When we talk about gas furnaces, it can sound like we’re saying that they are dangerous. This is not the gas–gas-powered heating systems are not inherently dangerous. However, when they’re not properly cared for, certain components within them can become dangerous. In particular, the heat exchanger.
In a gas-powered furnace, the heat exchanger is where combustion gasses collect in order to heat the air. And if these gases are allowed to escape through a damaged heat exchanger, your household could be exposed to harmful fumes, like carbon monoxide.
Read on to learn more, and please don’t hesitate to contact us if you suspect you need furnace repair.
What Does the Furnace Heat Exchanger Do?
The heat exchanger component of your furnace is the part that’s actually responsible for heating up the air that travels through your ductwork and then into your household. Once the furnace burners ignite, they produce hot combustion gasses that are collected inside the heat exchanger. The component itself looks like a metal, clamshell-shaped chamber, or it can be a series of chambers.
The gas within the heat exchanger heats up the metal walls, and then the air coming from the blower fan goes over the heat exchangers and picks up the radiant heat, to disperse it into your living space. Essentially, the combustion gas is what’s responsible for actually heating your home, but it doesn’t make contact with your indoor air.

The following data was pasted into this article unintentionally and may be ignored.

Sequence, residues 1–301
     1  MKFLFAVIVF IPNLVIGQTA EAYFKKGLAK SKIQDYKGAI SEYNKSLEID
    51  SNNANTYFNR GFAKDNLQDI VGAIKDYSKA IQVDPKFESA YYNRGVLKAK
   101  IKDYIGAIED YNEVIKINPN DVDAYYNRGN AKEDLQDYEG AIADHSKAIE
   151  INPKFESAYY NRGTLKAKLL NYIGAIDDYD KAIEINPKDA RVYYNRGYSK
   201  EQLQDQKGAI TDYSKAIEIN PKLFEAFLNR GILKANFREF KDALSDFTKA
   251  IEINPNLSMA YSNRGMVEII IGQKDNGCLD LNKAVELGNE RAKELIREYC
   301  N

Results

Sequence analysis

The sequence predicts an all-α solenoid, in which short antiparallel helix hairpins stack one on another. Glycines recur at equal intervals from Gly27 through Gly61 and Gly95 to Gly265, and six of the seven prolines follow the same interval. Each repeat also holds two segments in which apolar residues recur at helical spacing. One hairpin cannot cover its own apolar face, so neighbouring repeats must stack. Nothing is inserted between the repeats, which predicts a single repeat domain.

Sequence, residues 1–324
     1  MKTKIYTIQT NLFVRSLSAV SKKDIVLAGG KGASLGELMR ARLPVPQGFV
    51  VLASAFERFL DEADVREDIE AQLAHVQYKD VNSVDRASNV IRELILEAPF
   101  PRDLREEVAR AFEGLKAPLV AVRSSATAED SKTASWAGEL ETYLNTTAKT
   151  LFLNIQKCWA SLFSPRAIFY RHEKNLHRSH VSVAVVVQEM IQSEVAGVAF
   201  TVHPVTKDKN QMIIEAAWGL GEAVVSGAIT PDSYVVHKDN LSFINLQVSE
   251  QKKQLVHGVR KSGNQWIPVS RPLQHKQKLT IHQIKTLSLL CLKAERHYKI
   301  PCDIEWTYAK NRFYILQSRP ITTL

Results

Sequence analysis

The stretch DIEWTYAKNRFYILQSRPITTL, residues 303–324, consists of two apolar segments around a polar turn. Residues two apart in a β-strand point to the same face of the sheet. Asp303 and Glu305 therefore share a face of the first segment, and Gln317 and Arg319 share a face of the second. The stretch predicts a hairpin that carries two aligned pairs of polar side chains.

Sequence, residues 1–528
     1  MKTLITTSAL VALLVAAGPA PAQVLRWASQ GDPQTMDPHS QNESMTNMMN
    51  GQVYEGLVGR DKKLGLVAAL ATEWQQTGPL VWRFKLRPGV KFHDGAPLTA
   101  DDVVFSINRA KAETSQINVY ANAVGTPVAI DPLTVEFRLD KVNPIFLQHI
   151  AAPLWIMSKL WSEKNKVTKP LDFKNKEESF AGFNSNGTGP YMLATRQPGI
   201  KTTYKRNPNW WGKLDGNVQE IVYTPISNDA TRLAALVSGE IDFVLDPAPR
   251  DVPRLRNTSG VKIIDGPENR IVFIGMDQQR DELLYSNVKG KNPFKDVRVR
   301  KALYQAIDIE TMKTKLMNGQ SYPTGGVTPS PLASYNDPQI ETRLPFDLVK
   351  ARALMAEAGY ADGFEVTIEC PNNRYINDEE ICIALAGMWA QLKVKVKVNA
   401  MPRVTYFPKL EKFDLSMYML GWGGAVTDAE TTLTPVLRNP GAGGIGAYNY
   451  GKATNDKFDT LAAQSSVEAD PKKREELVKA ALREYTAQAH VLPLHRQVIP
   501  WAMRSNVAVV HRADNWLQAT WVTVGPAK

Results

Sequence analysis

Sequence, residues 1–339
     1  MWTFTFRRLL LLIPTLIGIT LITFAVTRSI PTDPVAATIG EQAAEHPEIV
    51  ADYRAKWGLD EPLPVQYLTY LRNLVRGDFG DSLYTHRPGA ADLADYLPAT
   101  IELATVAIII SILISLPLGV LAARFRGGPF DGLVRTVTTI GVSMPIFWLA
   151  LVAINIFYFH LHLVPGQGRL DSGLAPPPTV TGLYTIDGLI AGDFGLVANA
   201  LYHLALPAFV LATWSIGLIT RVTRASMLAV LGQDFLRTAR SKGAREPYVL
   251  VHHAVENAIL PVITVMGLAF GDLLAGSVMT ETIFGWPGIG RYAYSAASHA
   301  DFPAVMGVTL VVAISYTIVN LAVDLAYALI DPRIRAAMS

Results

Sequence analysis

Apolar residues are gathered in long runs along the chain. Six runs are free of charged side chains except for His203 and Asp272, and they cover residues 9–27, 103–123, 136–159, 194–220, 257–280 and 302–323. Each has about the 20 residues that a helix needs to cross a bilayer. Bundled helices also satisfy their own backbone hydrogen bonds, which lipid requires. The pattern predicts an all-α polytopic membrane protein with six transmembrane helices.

Of course, unless the heat exchanger is damaged. A fully functional heat exchanger system allows combustion byproducts to vent out through a flue outside of the home, and a cracked heat exchanger could potentially enable gas to enter your home.
What’s Harmful About a Cracked Heat Exchanger?
Since the metal shell of a heat exchanger contracts and expands as it cools down and heats back up, the strain of doing this repeatedly can eventually cause microscopic fissures. Even though you can’t see these tiny cracks, every time your furnace cycles on, the metal will expand, and then gas can leak out. In this case, that means there is a risk of exposure to the more harmful type of gas: carbon monoxide (CO).
In the best-case scenario, CO exposure can lead to headaches, minor dizziness or lightheadedness, and sleepiness. Enough CO exposure, however, can lead to even worse symptoms, and even fatalities. So it’s vital that you have this problem fixed right away.
How Do You Know If You Have a Cracked Heat Exchanger?
The #1 answer to this question is “schedule timely maintenance.” You should have maintenance done for your furnace once a year. During this appointment, our professionals comprehensively inspect your heating system, checking for any signs of wear and tear that need to be repaired.
A cracked heat exchanger is more common in an aging furnace than in a newer one, but it’s always a good idea to keep up on tune-ups, and also know about other signs that you may have a cracked heat exchanger, such as hearing a clicking noise as the heat exchanger cycles off.